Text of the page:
We’re steaming back into port, just a few hours out of Newport, Oregon. Our final week at sea was a big success, thanks in part to friendly weather and the continued great performance of the ship and our two high-performing underwater vehicles, ROV Jason and AUV Sentry. Our final few dives helped us accomplish our remaining science goals for the cruise, including collecting high-priority hydrothermal vent fluid and biological samples with ROV Jason, recovering the crustal compliance instruments that were collecting data from their second deployment for Dr. Spahr Webb with the help of Jason and the ship (it’s always a relief to get your instruments back!), and finishing our repeat bathymetric mapping with AUV Sentry to monitor the re-inflation of Axial Seamount since it’s last eruption in 2015. One accomplishment that I think is particularly remarkable is that we were able to get the new Terrain Relative Navigation software up and successfully running on AUV Sentry with the remarkable ship-to-shore collaboration of the Sentry team with the MBARI team on shore, via enhanced satellite communication made possible by UW and the National Science Foundation. This is a fantastic accomplishment that makes it possible to AUV Sentry to navigate itself while away from the ship, just by looking at the sonar data it is collecting in real time and comparing it to previously recorded data. This new capability will make future repeat mapping by AUVs even more successful!
Another thought going through my mind is how unusual this year’s research cruise has been in so many ways and how much extra effort it took to make it happen. Because of the COVID-19 epidemic, everyone on the ship, including the all the ship’s crew and the science party, had to go through a strict 2-week self-isolation with testing for the virus before getting on the ship. This involved a higher level of commitment and sacrifice than usual to make this cruise happen, especially by those traveling across the country to join the ship, and we appreciate the efforts of Thompson’s home institution, University of Washington, for helping with all the complicated logistics.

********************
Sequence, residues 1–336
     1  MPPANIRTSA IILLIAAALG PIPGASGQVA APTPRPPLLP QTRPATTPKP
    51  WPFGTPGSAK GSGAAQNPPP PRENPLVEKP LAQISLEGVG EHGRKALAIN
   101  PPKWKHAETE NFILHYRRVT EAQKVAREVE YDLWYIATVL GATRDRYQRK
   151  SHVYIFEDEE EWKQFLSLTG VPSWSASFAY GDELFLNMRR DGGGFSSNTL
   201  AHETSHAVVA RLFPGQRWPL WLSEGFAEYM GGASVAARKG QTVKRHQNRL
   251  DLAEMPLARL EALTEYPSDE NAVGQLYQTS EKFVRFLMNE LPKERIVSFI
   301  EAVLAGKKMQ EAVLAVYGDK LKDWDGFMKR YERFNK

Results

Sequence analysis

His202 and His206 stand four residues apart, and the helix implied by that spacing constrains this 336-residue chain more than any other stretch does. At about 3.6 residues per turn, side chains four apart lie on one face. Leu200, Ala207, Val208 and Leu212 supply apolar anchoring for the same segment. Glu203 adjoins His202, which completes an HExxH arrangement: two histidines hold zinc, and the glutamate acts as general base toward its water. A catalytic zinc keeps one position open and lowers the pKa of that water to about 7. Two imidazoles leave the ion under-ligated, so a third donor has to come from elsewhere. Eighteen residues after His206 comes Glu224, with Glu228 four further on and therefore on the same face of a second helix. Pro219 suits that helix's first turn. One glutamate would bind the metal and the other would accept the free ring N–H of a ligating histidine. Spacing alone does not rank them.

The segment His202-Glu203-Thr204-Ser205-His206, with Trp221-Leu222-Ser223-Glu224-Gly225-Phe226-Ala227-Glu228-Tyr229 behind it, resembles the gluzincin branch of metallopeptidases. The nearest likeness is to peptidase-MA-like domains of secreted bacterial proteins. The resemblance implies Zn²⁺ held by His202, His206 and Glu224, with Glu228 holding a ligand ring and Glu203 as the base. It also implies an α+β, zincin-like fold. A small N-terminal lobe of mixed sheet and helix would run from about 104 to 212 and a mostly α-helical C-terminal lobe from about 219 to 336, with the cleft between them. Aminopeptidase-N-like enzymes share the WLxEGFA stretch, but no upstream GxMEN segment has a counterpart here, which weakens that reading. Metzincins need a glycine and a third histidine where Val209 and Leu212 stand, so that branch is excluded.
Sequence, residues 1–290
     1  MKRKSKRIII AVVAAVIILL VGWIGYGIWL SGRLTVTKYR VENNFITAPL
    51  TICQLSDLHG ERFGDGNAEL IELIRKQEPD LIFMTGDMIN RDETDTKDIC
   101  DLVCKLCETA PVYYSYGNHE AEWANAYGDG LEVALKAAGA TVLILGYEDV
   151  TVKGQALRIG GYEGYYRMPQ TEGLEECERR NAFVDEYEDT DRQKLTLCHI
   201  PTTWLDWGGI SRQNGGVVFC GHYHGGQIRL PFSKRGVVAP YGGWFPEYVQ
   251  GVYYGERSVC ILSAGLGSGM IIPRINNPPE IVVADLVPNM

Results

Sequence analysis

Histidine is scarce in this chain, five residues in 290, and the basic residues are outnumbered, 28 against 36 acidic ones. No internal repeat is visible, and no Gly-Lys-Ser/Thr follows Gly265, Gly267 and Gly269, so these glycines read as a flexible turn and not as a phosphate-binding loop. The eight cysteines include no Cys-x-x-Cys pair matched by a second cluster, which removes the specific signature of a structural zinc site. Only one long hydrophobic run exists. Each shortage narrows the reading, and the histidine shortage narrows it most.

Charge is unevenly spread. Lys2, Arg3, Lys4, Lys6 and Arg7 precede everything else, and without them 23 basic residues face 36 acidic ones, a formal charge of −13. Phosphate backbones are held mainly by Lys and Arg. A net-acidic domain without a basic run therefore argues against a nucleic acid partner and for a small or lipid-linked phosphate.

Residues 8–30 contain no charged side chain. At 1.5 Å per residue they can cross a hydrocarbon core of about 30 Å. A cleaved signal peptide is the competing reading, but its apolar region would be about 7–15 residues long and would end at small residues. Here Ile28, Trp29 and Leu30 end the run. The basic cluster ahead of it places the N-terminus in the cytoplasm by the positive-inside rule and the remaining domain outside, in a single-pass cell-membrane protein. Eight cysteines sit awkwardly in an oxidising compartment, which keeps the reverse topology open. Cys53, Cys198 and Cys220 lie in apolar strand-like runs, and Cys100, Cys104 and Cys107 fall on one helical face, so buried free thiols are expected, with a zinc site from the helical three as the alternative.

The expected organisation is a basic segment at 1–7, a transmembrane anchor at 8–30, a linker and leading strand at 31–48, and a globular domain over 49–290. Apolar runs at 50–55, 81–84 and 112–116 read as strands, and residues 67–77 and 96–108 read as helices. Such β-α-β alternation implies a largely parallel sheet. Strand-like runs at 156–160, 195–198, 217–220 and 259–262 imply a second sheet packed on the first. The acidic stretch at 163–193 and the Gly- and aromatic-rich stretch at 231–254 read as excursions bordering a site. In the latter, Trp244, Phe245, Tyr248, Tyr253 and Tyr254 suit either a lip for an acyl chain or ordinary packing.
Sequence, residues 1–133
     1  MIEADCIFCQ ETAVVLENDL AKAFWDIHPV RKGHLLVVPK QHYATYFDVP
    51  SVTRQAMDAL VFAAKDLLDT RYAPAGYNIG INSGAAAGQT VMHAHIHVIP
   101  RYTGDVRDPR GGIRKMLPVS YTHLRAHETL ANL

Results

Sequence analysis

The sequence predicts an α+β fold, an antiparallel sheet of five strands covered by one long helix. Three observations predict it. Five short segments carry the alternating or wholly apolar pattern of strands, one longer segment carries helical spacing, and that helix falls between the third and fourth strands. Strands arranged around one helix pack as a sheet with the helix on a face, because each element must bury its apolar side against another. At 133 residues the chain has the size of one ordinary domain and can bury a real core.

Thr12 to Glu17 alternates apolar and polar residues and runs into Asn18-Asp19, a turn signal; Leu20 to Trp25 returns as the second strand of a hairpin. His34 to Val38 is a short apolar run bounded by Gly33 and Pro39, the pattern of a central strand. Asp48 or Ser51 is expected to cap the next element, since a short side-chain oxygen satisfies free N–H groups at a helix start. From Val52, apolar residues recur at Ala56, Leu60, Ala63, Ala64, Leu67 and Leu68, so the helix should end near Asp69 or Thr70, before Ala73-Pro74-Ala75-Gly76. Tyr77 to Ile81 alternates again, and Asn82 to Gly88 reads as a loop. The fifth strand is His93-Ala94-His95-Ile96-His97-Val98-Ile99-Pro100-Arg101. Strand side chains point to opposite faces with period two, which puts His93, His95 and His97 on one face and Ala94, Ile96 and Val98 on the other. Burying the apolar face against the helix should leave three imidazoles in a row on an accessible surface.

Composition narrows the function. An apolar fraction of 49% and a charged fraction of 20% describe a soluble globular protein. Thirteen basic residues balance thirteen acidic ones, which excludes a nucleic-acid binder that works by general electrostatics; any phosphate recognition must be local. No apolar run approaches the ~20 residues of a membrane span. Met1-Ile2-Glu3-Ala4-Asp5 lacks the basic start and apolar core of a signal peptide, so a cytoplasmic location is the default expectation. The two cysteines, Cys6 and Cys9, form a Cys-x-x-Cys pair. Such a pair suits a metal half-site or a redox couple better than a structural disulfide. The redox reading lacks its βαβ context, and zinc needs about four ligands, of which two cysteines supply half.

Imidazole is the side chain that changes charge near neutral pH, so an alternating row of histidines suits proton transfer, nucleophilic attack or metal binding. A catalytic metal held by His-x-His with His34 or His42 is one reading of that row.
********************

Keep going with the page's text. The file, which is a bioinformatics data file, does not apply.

Then there is the long list of items in the category of “I’ve NEVER seen THAT before” from this expedition. The middle of the cruise brought the smell of smoke and the thick fog-like haze from the terrible fires on shore that got blown all the way out to us at Axial Seamount by the strong easterly winds, even 260 miles from shore! The red color of the setting sun through the smoke was very strange. Another such item is the large number of poor land birds that arrived on the ship after being blown far out to sea by those same easterly winds – for example, I’ve never seen a Goldfinch out at Axial Seamount before! Unfortunately, their chances of survival are poor out here. But my favorite is the Short-Eared Owl who suddenly appeared on R/V Thompson and accompanied us for the entire last week of our expedition!
At first, we were quite concerned about the owl, because it seemed so strange to see it out here, but then we read on the Cornel University “All About Birds” website that it is actually not that unusual for Short-Eared Owl to visit ships far offshore! Who knew! Apparently they commonly fly long distances over the ocean and can hunt seabirds, so apparently this one decided Thompson makes a nice mobile hunting platform! We’re very anxious to see what it will do when we get back within sight of land. Will it stay on the ship? Or will it fly off to find its home on shore?
At this point in a research cruise I always think about how grateful I am for all the people that have made the cruise so successful. Top among those are the crew of R/V Thompson and the teams of operating ROV Jason and AUV Sentry who worked tirelessly around the clock to keep these wonderful vehicles and platforms running and allow us to collect the data and samples that we needed to meet our science objectives. Our relatively small science party of 10 took on extra tasks and responsibilities for colleagues on shore who could not join the cruise this year in addition to their own work. And then there are the countless colleagues and friends on shore who also contributed, either as science participants following our goings-on at sea via email, Zoom, or Slack, or the ship and vehicle support staff from the home institutions of UW, OSU, and WHOI, or from our federal funding partners at the National Science Foundation. We couldn’t have done it without you, so a big thanks to all of you. As always, Axial Seamount has been a scientifically fascinating and rewarding place to return to, and we’ll be working in the coming months and years to use the data we’ve collected to better understand what is one of the most active and certainly the best monitored submarine volcano in the world.